I think one needs to bear in mind what Mr Adams and Mr McGuinness and Sinn Fein have been saying for some time. They have been saying we are concerned about peace, the peace is going to be permanent. Well if the peace is going to be permanent, then they have no need of an armed force at their back when they begin to discuss matters with the other constitutional political parties. I think that is an uncontroversial statement that everyone will accept.

The reality is not British intransigence or anyone's intransigence. The reality is that the other mainstream political parties in Northern Ireland will not sit down with Sinn Fein until they are satisfied that Sinn Fein and the IRA are going to begin to disarm. Now that is the reality of life and there is no point in ducking that reality, it is there. I see no purpose in all-party talks if no-one is going to come to the table to talk. If there is intransigence everywhere, the intransigence must be removed. And the principal stumbling block at the moment is that despite all they have said thus far, we have no concrete evidence that Sinn Fein are going to begin to decommission their weapons.

That is the blockage at the moment. Once that is removed we can move forward speedily I hope to all-party talks and then onward to an agreement that would be put in a referendum to the people of Northern Ireland, and then to Parliament. But the blockage that needs to be overcome is to give confidence and belief to the people in Northern Ireland that violence really is over, that the weapons really are no longer needed, and the only way in which that can credibly be done is for Sinn Fein to make it clear that they would begin to decommission their weapons.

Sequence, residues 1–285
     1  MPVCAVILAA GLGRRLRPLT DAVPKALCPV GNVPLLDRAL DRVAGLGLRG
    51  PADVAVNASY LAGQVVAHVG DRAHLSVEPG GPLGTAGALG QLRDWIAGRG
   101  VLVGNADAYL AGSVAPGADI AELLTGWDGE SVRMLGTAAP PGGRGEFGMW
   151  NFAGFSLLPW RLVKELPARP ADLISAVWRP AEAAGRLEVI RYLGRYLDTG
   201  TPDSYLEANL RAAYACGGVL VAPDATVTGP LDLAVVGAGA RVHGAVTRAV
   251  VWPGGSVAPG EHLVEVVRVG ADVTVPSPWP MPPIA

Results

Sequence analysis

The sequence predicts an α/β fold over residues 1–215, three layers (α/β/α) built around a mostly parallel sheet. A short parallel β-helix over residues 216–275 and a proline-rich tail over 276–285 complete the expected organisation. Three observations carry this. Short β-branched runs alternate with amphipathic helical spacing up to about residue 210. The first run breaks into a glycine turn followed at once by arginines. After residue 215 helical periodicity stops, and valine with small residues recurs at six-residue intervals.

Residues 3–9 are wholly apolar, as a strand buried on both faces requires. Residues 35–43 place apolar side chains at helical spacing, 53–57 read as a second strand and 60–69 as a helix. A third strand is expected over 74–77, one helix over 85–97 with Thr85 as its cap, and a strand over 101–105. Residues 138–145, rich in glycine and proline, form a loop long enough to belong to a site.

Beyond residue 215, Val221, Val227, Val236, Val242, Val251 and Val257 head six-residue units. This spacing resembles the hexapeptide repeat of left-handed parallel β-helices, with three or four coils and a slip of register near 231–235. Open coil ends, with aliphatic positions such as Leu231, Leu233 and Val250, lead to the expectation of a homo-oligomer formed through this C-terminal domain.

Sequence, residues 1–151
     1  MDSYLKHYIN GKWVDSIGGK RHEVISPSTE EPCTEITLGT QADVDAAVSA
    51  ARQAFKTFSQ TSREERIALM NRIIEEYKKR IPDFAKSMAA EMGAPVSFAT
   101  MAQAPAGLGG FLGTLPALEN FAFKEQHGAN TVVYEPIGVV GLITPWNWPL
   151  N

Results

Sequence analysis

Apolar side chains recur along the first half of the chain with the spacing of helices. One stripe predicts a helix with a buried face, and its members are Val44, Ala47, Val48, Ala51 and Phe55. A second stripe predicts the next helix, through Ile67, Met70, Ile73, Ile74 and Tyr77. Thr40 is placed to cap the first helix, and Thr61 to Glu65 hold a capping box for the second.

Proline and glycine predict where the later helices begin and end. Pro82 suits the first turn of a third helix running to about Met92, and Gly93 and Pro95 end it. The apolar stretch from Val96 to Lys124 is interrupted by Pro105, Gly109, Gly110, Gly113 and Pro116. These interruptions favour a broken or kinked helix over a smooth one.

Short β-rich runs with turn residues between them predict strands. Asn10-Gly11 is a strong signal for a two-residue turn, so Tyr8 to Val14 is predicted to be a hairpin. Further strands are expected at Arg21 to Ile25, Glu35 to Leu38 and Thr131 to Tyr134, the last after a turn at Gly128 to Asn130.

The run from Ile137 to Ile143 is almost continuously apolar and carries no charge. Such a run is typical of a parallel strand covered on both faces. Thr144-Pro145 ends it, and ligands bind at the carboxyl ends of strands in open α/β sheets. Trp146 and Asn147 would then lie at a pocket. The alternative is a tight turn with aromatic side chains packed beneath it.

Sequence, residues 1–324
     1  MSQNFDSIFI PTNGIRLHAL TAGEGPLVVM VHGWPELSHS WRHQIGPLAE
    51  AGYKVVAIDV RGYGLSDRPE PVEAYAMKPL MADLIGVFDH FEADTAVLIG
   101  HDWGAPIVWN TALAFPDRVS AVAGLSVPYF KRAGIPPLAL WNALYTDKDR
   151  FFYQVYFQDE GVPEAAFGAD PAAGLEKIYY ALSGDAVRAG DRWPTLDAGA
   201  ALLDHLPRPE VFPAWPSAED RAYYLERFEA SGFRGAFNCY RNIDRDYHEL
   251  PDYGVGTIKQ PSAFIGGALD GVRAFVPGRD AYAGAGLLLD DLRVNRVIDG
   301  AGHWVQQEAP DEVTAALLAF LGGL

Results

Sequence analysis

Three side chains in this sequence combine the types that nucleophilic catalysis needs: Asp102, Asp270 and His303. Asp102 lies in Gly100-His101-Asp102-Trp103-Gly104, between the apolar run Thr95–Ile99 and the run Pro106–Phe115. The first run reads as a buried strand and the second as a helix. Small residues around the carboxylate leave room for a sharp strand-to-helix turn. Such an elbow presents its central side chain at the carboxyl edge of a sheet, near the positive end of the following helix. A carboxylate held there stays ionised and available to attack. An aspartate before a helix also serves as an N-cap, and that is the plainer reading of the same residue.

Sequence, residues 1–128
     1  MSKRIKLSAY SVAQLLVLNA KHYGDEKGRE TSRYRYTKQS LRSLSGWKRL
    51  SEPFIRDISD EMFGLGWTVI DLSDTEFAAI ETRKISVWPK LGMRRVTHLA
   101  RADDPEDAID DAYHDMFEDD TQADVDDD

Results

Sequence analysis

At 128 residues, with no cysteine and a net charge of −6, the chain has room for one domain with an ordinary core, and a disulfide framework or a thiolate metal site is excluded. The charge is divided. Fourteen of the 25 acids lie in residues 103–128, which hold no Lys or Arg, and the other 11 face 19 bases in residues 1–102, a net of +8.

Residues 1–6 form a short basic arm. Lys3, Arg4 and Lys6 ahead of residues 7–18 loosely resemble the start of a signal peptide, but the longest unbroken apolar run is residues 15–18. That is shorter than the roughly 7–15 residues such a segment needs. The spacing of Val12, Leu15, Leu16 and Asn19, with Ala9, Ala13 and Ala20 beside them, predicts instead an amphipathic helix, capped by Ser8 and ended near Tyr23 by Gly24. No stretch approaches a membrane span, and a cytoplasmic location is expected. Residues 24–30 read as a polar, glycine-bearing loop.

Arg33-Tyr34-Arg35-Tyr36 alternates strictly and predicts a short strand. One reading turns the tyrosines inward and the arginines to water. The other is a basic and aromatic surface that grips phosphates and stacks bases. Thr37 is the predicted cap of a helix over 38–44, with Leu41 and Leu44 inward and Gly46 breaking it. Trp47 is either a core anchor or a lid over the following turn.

INTERVIEWER:

Finally, do you think that some of your fellow leaders will be urging you here to press on with economic and monetary union and if they are urging on the prospects of a single currency, what will be your message to them on that?

PRIME MINISTER:

I think one has to look firstly at the economic realities of economic and monetary union, and then of course one has to look at the constitutional and political realities of it. I will be saying to my fellow Heads of Government over the next day or so that it is perfectly clear that a large number of countries are simply not going to be economically ready to move forward. If that is the case, they are going to have to confront a different situation. What actually happens if a small core decide to go ahead and the larger core remain outside? That raises a whole series of questions not yet addressed by the European Union, and it needs to be addressed. They need to know, and we need to know, how those matters are going to be dealt with.